Halimeda J.V.Lamour. is a green algal genus that is an important component of tropical reefs and lagoons. Although it does not generally occur outside the tropics, the range of one putatively widespread species, Halimeda cuneata Hering, in Western Australia extends southward past Cape Leeuwin to its southern extreme at Cape Howe and around to its most easterly record at Middle Island of the Recherche Archipelago. Previous molecular studies have shown that H. cuneata as recorded worldwide encompasses cryptic species diversity, with most of the cryptic entities being geographically isolated from the others. Halimeda cuneata has been the name consistently applied to specimens from the south-western coast of Australia, where it has been regarded as the only representative of its genus in the region. Using a combination of morphological features and assessment of species boundaries based on a plastid gene (tufA) and a nuclear protein-coding gene (HSP90), we have reassessed the supposed presence of H. cuneata in south-Western Australia. Our results showed the existence of two species in the region, namely, H. versatilis J.Agardh, to which the name H. cuneata has been misapplied, and H. gigas W.R.Taylor, a central-Pacific species previously recorded only from tropical Australia.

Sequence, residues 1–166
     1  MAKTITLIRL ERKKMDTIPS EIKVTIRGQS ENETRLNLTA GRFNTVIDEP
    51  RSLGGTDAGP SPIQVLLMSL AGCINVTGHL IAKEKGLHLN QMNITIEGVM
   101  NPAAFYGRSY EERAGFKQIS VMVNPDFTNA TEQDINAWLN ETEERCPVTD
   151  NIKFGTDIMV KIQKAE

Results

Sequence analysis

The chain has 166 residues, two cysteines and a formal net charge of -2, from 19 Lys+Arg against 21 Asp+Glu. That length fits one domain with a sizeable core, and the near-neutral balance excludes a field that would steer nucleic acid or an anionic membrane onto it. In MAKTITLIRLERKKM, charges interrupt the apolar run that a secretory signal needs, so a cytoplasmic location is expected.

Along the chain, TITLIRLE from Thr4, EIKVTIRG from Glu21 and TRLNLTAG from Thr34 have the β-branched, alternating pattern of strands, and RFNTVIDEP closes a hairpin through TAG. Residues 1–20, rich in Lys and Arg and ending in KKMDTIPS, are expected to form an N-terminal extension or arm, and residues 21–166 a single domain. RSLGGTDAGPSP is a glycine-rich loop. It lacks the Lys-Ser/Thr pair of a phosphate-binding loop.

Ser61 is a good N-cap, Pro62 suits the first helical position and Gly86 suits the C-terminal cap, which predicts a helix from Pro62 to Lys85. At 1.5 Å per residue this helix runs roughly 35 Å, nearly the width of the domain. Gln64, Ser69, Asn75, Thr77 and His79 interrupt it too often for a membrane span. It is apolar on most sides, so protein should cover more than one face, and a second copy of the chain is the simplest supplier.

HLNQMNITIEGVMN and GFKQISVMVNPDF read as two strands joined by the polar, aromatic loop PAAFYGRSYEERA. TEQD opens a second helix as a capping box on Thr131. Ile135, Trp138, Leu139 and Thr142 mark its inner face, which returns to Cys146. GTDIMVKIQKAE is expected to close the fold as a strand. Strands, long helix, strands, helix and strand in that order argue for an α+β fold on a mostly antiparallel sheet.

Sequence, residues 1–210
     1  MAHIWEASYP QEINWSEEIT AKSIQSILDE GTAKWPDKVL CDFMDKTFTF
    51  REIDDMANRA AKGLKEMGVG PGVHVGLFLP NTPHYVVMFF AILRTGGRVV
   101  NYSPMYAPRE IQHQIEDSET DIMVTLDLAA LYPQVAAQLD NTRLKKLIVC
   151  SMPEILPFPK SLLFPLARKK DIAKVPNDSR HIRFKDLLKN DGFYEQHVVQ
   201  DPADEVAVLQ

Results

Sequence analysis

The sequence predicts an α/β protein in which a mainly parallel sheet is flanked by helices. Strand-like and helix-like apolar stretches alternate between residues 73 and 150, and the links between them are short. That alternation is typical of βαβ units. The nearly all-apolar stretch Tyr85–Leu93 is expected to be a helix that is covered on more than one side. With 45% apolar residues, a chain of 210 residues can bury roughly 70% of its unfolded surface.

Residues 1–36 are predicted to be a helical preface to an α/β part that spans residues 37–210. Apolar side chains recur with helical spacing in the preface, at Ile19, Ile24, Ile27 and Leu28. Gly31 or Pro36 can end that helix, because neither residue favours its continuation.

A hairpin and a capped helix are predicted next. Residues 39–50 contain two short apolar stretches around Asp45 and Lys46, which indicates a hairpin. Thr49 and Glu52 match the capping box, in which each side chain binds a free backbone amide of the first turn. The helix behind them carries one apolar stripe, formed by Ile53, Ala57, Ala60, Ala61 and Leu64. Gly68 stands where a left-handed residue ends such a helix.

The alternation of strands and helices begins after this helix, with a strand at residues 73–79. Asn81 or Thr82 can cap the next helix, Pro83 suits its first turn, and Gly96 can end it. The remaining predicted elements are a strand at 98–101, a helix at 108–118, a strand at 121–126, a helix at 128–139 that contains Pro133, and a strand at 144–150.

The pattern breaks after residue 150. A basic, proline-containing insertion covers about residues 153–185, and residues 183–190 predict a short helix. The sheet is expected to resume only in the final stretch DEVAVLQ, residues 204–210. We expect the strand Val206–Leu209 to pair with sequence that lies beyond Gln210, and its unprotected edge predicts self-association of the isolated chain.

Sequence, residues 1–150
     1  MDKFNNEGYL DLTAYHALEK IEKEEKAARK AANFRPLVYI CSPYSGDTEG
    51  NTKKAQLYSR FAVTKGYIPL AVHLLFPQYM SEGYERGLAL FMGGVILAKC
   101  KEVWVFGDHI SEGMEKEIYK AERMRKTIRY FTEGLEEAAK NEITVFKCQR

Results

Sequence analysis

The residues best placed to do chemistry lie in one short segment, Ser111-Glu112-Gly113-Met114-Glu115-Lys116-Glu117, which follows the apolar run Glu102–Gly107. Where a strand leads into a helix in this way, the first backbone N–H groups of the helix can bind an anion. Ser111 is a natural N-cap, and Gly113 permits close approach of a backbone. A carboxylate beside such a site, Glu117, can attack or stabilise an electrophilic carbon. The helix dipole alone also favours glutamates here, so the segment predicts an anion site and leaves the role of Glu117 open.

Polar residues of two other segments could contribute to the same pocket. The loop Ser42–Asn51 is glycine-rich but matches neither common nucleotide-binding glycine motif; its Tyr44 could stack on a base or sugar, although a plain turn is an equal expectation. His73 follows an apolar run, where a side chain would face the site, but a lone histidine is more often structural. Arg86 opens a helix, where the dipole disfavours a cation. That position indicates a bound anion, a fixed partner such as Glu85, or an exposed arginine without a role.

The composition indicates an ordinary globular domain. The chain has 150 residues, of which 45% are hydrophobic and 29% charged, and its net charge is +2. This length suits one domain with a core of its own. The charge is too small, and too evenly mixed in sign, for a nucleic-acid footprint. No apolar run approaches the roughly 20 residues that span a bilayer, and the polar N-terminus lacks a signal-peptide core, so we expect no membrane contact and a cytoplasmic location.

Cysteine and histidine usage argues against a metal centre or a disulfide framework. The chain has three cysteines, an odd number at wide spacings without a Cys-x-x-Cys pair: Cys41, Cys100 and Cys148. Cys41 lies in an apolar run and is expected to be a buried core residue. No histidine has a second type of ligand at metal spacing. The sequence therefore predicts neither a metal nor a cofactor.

- cryptic species
- siphonous algae